Ask Your Doctor: PREGNANCY AND VERY HOT TEMPERATURES

anguillian
By anguillian August 21, 2017 12:00

 

 

 

Pregnancy is affected by many factors, but high temperatures can pose several challenges to a woman who is pregnant. High temperatures have been associated with problems in both the early part of pregnancy and in late stages of pregnancy.

Effects of excessive heat in early pregnancy
It is generally known the pregnant women are more sensitive to heat at all stages of their pregnancy, but there is reason to be concerned when pregnant women in the early stages of pregnancy are exposed to excessively high temperatures, such as the temperatures we are now experiencing in Anguilla.
Several studies have suggested that babies can be affected by heat during the first 12 weeks of pregnancy.

A study published in the British Journal of Obstetrics and Gynaecology in 2005 found that exposure to high temperatures in the first three months could lead to babies being born with a slightly lower birth weight.

Such babies are prone to a low IQ and learning disabilities. They are also more likely to exhibit behavioural problems at school.

Effects of excessive heat in late pregnancy
Women should also take care during late pregnancy. High temperatures have been shown to lead to premature labour and an increased rate of miscarriage as well.

General effects of high temperatures on pregnancy
It is well known that excessive heat can cause dehydration, fainting and dizziness, and increases in urinary tract infections. It impacts amniotic fluid levels and pregnancy constipation. Very high temperatures can negatively affect all pregnant women, especially those with pre-existing medical disorders such as heart disease and anaemia.

How can pregnant women reduce the risk associated with high temperatures?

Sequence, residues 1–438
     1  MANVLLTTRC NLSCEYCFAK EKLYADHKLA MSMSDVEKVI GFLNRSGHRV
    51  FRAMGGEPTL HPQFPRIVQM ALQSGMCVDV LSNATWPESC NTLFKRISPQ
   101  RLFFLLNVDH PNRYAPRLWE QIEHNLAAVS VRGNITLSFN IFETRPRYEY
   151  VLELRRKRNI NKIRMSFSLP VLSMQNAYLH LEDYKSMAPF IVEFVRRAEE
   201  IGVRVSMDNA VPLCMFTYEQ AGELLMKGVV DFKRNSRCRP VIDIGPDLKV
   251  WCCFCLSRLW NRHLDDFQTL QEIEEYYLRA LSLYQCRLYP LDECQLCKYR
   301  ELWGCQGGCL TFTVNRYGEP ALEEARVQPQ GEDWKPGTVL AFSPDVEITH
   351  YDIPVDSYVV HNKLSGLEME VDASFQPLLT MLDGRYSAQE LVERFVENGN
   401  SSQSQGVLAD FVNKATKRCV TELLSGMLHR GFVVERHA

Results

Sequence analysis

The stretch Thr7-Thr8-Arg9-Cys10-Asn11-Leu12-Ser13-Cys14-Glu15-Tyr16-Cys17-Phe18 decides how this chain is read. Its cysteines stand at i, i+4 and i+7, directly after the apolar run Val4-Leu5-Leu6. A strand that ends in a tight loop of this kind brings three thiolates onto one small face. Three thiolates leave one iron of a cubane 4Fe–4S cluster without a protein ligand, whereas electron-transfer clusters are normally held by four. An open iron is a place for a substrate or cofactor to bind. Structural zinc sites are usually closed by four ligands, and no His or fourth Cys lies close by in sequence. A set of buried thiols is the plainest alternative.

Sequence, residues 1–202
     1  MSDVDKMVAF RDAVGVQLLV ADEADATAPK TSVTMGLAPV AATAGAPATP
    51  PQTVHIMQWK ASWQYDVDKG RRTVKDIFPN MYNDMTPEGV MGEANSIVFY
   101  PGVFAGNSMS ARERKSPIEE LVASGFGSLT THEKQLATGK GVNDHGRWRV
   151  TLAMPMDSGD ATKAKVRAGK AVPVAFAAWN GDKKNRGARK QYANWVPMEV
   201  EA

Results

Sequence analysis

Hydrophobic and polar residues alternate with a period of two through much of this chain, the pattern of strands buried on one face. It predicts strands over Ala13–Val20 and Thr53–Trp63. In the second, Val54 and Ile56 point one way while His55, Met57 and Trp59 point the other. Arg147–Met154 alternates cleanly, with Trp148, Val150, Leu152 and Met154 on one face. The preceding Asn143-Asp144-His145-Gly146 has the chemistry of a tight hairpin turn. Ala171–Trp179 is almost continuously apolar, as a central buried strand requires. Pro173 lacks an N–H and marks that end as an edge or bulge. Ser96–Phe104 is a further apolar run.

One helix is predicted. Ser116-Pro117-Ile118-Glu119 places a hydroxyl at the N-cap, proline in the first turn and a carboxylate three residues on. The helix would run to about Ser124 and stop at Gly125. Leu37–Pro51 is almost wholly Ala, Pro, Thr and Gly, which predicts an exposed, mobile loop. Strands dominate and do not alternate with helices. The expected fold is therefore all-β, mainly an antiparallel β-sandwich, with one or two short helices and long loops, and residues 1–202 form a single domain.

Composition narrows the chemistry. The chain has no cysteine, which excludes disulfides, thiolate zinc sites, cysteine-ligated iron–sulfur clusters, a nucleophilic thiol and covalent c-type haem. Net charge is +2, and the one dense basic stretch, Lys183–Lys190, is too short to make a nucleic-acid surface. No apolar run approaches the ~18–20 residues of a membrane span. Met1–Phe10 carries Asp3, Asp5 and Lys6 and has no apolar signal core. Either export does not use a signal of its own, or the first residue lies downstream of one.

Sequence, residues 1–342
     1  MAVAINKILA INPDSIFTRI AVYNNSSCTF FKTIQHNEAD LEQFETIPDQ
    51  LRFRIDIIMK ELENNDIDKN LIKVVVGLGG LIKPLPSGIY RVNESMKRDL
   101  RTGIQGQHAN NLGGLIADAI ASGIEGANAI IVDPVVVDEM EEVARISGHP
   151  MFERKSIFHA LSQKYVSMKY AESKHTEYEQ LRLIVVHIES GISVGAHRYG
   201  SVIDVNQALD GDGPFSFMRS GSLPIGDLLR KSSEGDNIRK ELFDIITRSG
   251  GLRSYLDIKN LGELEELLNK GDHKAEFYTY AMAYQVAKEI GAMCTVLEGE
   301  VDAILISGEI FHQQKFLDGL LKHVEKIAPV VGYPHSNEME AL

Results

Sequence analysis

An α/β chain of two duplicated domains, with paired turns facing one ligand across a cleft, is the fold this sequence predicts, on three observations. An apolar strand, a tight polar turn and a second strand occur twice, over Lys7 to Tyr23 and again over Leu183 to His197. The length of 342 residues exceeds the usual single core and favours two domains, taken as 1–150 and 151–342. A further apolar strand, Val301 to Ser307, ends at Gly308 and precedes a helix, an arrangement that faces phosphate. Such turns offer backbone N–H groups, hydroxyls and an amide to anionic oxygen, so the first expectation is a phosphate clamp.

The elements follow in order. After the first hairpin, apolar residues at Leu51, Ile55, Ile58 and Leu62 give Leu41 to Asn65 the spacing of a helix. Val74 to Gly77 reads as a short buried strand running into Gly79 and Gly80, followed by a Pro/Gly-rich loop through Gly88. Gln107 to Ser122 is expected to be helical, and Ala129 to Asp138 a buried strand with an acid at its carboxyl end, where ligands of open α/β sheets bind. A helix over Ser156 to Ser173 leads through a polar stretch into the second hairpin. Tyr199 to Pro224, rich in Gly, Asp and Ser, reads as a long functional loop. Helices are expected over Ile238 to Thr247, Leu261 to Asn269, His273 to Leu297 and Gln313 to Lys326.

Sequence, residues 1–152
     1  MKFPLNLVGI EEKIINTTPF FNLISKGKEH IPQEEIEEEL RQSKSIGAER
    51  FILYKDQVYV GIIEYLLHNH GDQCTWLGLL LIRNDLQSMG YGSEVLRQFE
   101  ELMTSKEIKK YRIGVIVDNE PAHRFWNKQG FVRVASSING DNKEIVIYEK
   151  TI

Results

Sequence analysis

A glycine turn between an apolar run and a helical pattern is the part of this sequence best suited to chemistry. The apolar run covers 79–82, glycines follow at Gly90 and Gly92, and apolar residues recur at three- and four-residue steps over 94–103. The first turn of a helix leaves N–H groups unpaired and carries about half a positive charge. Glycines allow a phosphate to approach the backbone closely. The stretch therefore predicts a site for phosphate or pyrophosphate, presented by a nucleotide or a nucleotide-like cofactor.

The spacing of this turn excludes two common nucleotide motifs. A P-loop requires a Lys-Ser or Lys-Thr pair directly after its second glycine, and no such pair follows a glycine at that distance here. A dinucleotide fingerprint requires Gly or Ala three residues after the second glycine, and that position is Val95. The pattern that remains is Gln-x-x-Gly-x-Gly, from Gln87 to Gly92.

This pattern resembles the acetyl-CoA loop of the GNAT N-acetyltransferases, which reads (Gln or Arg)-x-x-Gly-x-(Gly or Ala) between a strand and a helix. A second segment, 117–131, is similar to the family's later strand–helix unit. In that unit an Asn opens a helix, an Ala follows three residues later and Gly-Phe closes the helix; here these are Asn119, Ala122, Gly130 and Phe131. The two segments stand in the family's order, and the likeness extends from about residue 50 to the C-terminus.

Women in all stages of pregnancy should be aware of the health risk surrounding increases in temperature. In Anguilla, the temperatures are extremely high in the months of July, August and September. Women should not panic but should talk to their obstetrician or healthcare provider. Several strategies can be adopted.
To decrease the risk associated with very high temperatures, pregnant women should stay out of the sun, wear loose clothing, keep well hydrated and eat healthy foods at all times. Fresh coconut water is a good drink to prevent dehydration. Women should avoid the high fructose sugary drinks.

Other steps
Pregnant women should take steps to protect themselves. These include dressing appropriately in hot weather by wearing a hat and light, loose clothes made from a natural fibre such as cotton.
Pregnant women should also stay in the shade between 10 am and 4 pm when the sun is at its hottest. These women should do outdoor tasks in the morning or evening when the sun is lower and temperatures are cooler.

Pregnant women should also avoid strenuous exercise which can raise the body temperature even further. Light to moderate exercise is okay, provided women consulted their obstetrician.

Mothers-to-be should also avoid tea, coffee and alcohol which can all increase the risk of dehydration.
Pregnant women should ask for help if they are too tired to cook, clean or run errands. They should discuss with their obstetrician if they cannot cope with the excessively high temperatures.

Conclusion
All pregnant women are aware of the signs and symptoms associated with pregnancy, but many are not aware of the effects of extremely high temperatures on themselves and their developing babies. The effects can occur during all stages of the pregnancy. Despite the very high temperature we are now having in Anguilla, there are ways pregnant women can decrease the risks and have successful pregnancies. Pregnant women are strongly urged to keep out of the hot sun throughout pregnancy. If they do have to go outdoors they should dress appropriately. Staying hydrated at all times and adopting healthy eating habits can go a long way in coping with the excessively high temperatures during these months.

Ask Your Doctor is a health education column and is not a substitute for medical advice from your physician. The reader should consult his or her physician for specific information concerning specific medical conditions. While all reasonable efforts have been made to ensure that all information presented is accurate, as research and development in the medical field are ongoing, it is possible that new findings may supersede some data presented.

Dr Brett Hodge MB BS DGO MRCOG, is an Obstetrician/Gynaecologist and Family Doctor who has over thirty-two years in clinical practice. Dr Hodge has a medical practice in The Johnson Building in The Valley (Tel: 264 4975828).

anguillian
By anguillian August 21, 2017 12:00

Advertisement

Latest Poll

Do you like the new layout of the Anguillian ?